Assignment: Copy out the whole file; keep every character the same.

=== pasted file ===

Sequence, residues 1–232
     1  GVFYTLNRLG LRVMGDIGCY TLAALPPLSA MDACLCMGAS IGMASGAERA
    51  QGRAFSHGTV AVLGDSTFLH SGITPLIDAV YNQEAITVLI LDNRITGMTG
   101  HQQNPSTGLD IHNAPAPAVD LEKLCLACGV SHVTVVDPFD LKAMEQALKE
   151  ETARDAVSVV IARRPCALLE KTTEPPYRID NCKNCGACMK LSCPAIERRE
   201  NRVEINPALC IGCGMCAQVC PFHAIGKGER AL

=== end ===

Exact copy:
Sequence, residues 1–232
     1  GVFYTLNRLG LRVMGDIGCY TLAALPPLSA MDACLCMGAS IGMASGAERA
    51  QGRAFSHGTV AVLGDSTFLH SGITPLIDAV YNQEAITVLI LDNRITGMTG
   101  HQQNPSTGLD IHNAPAPAVD LEKLCLACGV SHVTVVDPFD LKAMEQALKE
   151  ETARDAVSVV IARRPCALLE KTTEPPYRID NCKNCGACMK LSCPAIERRE
   201  NRVEINPALC IGCGMCAQVC PFHAIGKGER AL